Demand for medical male circumcision for HIV prevention: the influence of economic and psychological factors and their policy implications
Lubinga, Solomon James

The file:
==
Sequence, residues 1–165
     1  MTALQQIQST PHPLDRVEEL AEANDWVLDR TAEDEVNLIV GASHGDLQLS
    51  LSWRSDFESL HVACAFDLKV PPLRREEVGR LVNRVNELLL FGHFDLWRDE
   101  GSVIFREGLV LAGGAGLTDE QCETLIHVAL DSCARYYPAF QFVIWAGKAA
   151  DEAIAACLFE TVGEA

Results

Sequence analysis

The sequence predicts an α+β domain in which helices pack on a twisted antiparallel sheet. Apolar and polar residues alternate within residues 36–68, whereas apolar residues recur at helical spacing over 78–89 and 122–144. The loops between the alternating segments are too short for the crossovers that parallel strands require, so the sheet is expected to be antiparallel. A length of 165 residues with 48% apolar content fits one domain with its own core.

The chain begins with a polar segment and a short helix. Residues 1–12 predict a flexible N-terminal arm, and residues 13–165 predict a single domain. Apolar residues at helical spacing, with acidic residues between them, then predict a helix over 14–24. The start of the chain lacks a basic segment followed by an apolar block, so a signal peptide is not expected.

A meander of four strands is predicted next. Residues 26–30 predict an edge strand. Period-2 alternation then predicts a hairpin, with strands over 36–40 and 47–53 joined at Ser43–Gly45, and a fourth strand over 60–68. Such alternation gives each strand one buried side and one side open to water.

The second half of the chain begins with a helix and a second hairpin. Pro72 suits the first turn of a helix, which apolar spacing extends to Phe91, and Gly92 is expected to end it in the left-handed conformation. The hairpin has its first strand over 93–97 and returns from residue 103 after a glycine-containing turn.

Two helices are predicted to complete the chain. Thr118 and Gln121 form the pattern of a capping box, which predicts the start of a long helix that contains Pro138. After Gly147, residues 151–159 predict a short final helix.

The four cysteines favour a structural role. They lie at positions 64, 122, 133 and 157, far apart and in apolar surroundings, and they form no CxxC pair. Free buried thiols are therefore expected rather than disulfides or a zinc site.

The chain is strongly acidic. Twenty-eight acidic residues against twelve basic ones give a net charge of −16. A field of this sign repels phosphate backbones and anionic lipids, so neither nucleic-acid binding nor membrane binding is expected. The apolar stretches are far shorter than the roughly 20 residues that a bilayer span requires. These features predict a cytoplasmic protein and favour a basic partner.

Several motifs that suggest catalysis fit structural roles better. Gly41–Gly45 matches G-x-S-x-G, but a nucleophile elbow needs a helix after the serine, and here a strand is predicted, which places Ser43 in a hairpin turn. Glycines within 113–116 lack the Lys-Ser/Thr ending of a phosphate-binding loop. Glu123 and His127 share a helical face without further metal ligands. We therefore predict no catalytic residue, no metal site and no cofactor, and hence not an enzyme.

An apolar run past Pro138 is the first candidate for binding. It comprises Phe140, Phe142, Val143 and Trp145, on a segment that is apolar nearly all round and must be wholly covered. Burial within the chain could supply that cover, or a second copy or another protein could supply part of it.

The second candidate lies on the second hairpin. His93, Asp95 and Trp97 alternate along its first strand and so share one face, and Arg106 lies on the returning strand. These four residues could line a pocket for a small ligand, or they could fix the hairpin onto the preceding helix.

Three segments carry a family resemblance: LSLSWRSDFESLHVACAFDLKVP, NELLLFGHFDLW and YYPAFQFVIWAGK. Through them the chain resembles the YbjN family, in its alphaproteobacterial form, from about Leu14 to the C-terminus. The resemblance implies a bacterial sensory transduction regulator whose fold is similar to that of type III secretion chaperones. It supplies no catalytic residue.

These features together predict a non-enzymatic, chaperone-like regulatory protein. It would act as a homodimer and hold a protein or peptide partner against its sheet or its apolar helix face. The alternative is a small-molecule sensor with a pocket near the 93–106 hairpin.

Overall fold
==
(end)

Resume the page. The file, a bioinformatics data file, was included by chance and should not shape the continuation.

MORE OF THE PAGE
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Background: Male Circumcision (MMC) of adolescent boys and men is an effective and potentially cost-effective intervention for the prevention of HIV. Most high HIV burden, low MMC prevalence countries in sub-Saharan Africa have fallen short of WHO/UNAIDS targets for the uptake of MMC for 2016, despite significant demand generation efforts. The aim of this dissertation project was to apply economic and psychology decision theories to study the incentives that drive the uptake of MMC for HIV prevention. Methods: The study was conducted in Mukono and Buikwe districts among predominantly fishing communities at landing sites on the northern shores of Lake Victoria, in Uganda. We conducted 11 focus group discussions and six key informant interviews to explore the economic and psychological factors affecting the uptake of MMC for HIV prevention. Based on the factors identified, we designed and executed a stated-preference discrete choice experimental (DCE) survey, coupled with measurement of psychological factors among 406 self-reported heterosexual, uncircumcised, HIV-negative men between 18-45 years-old. We used mixed logit, latent class logit and parameter-covariate mixed logit models to estimate preferences for MMC attributes, and to examine the extent to which preferences are influenced by psychological factors. Results: The demand for MMC was conceptualized as a process of valuation formation—based on psychological factors (HIV threat perceptions, subjective beliefs about MMC outcomes, and normative expectations), and action—based on economic factors (preferences for MMC service attributes). Socioeconomic characteristics and personality traits could explain differences in how people respond to factors at each stage of this process. In the DCE, marginal utilities (µ; se) were highest for accessing services at permanent health facilities (2.138; 0.214), and incentives: voucher vs none (0.512; 0.153) and cash vs none (0.968; 0.174). Marginal disutility (µ; se) was highest for device MMC (-1.674; 0.265). There was significant heterogeneity in preferences for accessing services at permanent health facilities (partly explained by subjective probability of pain during the MMC procedure), number of week-days during which services were available at facilities, device circumcision (partly explained by difference in the subjective probability of infection and pain from the MMC procedure, expected time away from work and sex after the MMC procedure), cash incentives and price/value of incentive compensation. Conclusion: Preferences were strongest permanent health facilities, surgical circumcision and incentives. Heterogeneity in preferences for these MMC service attributes exists and was only partly explained by the sociodemographic characteristics and subjective beliefs about MMC outcomes. MMC service delivery should be optimized based on individual preferences for these attributes. Further research should identify more demographic, and other non-observable influences on preferences, e.g., social influences and non-observable personality traits, that could be used to channel demand creation interventions accordingly.